What began in the fall of 2011 as the amorphous Occupy Wall Street movement in New York City morphed into Occupy America, a nationwide diorama drama containing many elements of a board game — positive steps, punishing losses of turn and, in some cities such as Hartford, Conn., occasional free parking.
The medical malpractice system is considered broken by many providers and politicians, a cause of runaway healthcare spending and an open door for plaintiffs to pursue frivolous lawsuits in the hope of a hefty payday.
If you're roasting a turkey on Thanksgiving, we've got some advice that might be helpful or that might strike you as really weird. The weird comes a little later. We start with Shirley Corriher, a cookbook author who writes about the chemistry of cooking. Back in 1997, I asked her to explain some of the principles that would help us make a better turkey. It's still really good advice.
Three young Americans are among those who have been detained by authorities in Cairo during the last few days of protests there, according to reports from The Washington Post, CNN and other news outlets.
Originally published on Tue November 22, 2011 5:58 am
Angered by the ruling party's successful push to ratify a free trade deal with the U.S., a South Korean lawmaker "doused rivals with tear gas" earlier today during a raucous session of parliament, The Associated Press writes from Seoul.
Now that it's official and the so-called supercommittee in Congress has declared its members can't agree on how to cut about $1.2 trillion from the next decade's federal budget deficits, the "what next" stories are everywhere.
The Milwaukee woman laid down a $100 bill and bought a restaurant. It's a "socially conscious" eatery on Milwaukee's South Side. The conditions include feeding the previous owner and his wife one free meal a day for a year.
The latest protests began when Egypt's military tried to strengthen its own power in any future government. Egypt's military is hardly the only army to assume an outsized role in a supposedly democratic country.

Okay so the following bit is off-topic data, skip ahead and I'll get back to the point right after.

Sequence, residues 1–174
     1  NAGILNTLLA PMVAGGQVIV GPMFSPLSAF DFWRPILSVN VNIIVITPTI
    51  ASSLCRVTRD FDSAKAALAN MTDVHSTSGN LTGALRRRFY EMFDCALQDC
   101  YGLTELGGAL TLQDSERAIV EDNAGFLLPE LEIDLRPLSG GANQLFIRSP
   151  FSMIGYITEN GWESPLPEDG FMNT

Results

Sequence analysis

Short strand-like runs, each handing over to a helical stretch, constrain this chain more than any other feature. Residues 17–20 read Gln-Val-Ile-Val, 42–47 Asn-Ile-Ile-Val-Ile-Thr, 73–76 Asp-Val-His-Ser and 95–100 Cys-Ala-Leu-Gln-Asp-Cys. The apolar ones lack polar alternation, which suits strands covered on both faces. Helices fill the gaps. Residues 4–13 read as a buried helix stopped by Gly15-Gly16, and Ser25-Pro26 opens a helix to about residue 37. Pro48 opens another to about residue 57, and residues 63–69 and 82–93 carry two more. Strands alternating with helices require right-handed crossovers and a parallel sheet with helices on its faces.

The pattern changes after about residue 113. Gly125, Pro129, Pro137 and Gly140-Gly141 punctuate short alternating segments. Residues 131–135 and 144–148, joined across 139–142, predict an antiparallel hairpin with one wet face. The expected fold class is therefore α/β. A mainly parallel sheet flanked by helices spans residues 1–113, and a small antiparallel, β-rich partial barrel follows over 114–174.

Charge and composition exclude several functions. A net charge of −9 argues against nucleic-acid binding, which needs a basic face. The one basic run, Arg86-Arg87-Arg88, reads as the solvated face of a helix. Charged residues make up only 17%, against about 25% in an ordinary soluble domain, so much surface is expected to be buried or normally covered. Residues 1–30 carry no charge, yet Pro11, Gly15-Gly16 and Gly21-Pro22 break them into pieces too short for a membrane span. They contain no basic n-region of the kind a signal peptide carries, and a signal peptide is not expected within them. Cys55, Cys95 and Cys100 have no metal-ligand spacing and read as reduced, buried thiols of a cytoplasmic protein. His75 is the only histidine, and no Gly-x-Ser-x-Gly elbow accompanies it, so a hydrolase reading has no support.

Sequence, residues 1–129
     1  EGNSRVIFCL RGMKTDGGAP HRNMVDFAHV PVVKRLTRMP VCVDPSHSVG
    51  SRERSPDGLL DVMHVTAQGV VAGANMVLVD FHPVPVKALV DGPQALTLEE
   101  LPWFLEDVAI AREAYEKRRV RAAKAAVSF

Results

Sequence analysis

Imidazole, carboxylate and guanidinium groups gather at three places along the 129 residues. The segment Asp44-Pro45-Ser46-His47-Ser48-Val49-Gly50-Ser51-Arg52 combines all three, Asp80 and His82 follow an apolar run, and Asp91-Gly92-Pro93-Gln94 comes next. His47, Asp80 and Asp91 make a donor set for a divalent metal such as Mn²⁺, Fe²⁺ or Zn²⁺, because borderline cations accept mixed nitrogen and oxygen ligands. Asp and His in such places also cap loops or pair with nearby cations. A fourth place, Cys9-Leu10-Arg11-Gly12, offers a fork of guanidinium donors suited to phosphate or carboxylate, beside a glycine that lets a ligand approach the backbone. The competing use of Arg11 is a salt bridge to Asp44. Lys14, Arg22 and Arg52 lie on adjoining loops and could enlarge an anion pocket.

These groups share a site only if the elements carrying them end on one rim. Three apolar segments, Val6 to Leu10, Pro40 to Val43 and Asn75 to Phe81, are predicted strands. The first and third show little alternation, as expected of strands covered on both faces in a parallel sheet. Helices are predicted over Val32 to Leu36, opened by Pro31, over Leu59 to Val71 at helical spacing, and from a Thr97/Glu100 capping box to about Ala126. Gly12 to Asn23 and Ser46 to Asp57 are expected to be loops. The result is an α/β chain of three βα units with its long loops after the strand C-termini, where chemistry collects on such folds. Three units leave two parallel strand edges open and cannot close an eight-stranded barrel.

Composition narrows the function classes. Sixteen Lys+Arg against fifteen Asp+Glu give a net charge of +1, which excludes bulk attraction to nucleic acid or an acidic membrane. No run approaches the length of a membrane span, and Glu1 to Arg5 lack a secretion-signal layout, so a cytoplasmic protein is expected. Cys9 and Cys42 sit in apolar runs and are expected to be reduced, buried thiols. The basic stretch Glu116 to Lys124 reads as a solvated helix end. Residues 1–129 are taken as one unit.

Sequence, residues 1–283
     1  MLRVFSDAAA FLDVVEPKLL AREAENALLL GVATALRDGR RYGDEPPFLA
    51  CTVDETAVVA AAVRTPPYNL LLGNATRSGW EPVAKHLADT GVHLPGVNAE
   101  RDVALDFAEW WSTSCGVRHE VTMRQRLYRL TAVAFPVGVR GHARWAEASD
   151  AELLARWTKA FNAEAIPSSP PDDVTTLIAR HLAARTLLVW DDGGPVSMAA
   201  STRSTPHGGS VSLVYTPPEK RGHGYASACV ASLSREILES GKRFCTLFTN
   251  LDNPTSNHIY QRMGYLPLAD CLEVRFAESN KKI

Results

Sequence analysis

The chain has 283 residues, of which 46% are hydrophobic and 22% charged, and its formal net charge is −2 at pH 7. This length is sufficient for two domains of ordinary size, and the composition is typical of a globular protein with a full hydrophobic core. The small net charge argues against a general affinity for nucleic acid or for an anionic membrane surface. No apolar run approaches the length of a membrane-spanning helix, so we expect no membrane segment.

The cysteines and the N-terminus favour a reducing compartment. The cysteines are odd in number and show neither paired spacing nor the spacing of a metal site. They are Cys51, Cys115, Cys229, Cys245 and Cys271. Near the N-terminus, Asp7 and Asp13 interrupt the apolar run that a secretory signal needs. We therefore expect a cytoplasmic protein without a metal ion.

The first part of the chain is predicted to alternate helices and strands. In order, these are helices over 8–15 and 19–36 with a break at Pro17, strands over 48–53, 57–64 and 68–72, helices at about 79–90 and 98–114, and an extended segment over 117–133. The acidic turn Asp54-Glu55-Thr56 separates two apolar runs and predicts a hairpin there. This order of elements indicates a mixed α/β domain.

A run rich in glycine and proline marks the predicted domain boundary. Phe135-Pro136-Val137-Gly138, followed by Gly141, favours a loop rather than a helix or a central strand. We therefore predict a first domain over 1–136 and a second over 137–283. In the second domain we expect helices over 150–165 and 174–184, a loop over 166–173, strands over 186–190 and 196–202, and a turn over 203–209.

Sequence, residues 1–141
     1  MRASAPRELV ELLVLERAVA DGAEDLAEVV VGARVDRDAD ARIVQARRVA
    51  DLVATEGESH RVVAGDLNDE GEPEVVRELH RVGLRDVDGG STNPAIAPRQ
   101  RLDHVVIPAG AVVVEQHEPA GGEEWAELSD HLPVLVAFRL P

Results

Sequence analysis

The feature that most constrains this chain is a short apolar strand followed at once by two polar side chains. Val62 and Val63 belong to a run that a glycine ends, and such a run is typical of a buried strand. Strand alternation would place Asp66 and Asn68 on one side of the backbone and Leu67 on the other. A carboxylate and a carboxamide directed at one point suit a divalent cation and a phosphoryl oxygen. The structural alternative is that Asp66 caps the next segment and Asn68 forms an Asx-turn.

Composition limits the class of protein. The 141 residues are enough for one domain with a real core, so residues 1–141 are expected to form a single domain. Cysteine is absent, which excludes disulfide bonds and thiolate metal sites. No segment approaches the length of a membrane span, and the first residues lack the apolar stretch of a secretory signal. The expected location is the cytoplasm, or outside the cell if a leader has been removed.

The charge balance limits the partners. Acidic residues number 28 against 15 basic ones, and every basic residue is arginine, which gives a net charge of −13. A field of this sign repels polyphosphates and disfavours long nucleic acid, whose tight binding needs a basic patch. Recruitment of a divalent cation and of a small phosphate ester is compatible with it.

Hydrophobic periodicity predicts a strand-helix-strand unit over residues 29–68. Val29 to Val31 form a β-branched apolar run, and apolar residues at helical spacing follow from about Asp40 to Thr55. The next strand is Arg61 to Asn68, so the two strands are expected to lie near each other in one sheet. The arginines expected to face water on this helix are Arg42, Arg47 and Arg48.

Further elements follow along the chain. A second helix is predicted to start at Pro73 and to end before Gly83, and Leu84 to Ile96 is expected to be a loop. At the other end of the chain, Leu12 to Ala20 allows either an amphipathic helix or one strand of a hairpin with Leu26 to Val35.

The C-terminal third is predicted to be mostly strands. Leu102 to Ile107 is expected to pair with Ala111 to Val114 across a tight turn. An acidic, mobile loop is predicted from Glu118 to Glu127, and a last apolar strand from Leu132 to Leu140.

And we're going to talk about that with Vali Nasr of Tufts University, author of "The Rise of Islamic Capitalism" and a former advisor to the Obama administration. He's in our studios. Good morning, Vali.
The wars in Iraq and Afghanistan are winding down. That means more troops will be coming home. Jobs are tough to find these days for anyone, but especially for veterans. Yesterday President Obama signed into law a plan meant to get more vets hired. NPR's Rachel Martin has more.
RACHEL MARTIN, BYLINE: The unemployment rate for veterans is around 12 percent - that's close to four points higher than for everyone else. President Obama says it's time to do something about it.
This is MORNING EDITION from NPR News. I'm Linda Wertheimer.
STEVE INSKEEP, HOST:
And I'm Steve Inskeep. Congress threatened itself with punishment if it failed to act. Lawmakers promised automatic spending cuts if a special committee failed to reduce the deficit. Now that they have failed, some want a way out of the punishment with which they had threatened themselves. This may be just one more episode in a long fight over taxes and spending, as we hear from NPR's Ari Shapiro.